Collection rates appear slightly higher for obstetricians than anesthesiologists for labor, cesarean section, or surgical procedures (Table 9), but the rates are relatively unchanged since 1981. In the 1992 survey, practitioners were also asked if insurance carriers in their area had denied reimbursement for labor epidurals, and 25% indicated that they had been. The response was similar in all sizes of hospitals and in all geographic areas of the country. A question for the future is how these reimbursement issues will affect provision of analgesia for labor and delivery. The American Society of Anesthesiologists and the American College of Obstetricians and Gynecologists issued a joint statement in 1993 that states, in part, “there is no other circumstance where it is considered acceptable for a person to experience severe pain, amenable to safe intervention, while under a physician's care…. Third-party payers who provide reimbursement for obstetric services should not deny reimbursement for epidural anesthesia because of an absence of other ‘medical indications.’”*****

A limitation of these results is the varying response rates between hospitals from different strata. Thus some bias may be present, and our findings may not apply to all hospitals in the United States with obstetric services. Nevertheless, responding practitioners had cared for more than 2 million parturients in 1992, 61% of births occurring in the United States that year.

The 1992 survey of obstetric anesthesia practice reveals better availability of regional anesthesia and analgesia for obstetric patients and less use of general anesthesia for cesarean section. Obstetricians rarely try to provide anesthetic and obstetric care for their patients. Although use of spinal opioids may increase availability of regional analgesia for labor in small hospitals without adequate obstetric anesthesia coverage, the risks associated with this type of anesthesia are not yet fully known. In 1992, anesthesiologists were rarely involved in neonatal resuscitation. They provided or directed fewer than one half of the obstetric anesthetics provided in small delivery services. Perhaps the increasing competition in the job market for anesthesiologists will improve staffing in small hospitals and rural areas. Changes that have occurred in obstetric anesthesia practice are generally positive, but more active participation by anesthesiologists, especially in our smallest delivery services, is still needed.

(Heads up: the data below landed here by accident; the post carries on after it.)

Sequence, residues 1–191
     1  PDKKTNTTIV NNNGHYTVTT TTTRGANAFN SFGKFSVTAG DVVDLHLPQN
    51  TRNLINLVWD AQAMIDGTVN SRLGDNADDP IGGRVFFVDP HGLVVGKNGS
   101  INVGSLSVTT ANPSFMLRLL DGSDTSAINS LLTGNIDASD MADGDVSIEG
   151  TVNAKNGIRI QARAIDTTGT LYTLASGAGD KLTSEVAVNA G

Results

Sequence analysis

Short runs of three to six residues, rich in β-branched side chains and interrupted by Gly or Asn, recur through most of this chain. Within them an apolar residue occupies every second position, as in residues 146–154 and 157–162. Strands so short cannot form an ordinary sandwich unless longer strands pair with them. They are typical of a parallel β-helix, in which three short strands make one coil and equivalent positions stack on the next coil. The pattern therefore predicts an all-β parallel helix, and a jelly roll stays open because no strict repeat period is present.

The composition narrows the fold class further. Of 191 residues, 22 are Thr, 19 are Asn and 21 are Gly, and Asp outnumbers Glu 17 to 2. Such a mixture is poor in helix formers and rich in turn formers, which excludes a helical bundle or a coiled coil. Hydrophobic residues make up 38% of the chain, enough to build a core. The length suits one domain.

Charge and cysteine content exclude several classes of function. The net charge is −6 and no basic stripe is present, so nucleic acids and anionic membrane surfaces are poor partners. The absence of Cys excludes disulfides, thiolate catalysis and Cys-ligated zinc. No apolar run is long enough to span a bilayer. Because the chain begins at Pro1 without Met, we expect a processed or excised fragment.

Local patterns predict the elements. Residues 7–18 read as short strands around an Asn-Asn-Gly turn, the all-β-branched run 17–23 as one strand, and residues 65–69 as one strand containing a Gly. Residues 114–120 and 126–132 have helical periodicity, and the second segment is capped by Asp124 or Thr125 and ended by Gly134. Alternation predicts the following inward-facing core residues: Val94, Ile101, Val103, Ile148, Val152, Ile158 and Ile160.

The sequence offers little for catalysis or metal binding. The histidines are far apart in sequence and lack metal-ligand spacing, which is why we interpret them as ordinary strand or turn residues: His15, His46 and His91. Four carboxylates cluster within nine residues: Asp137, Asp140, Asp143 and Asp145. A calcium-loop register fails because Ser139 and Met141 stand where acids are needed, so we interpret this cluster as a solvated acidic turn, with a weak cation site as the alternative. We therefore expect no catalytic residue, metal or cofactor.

*Allan C. Barnes, M.D., Professor of Obstetrics and Gynecology, Johns Hopkins University, circa 1965.

**Collins WL: Dysfunctional department syndrome. American Society of Anesthesiologists' Newsletter 1994; 58:21–3.

***American College of Obstetricians and Gynecologists: Vaginal delivery after previous cesarean birth. ACOG Practice Patterns 1995:1.

****American Society of Anesthesiologists: Guidelines for regional anesthesia in obstetrics. Directory of Members 1996; 61:405.

*****American College of Obstetricians and Gynecologists' Committee on Obstetrics: Maternal and fetal medicine. Pain relief during labor. ACOG Committee Opinion #118. Washington, DC: American College of Obstetricians and Gynecologists, 1993.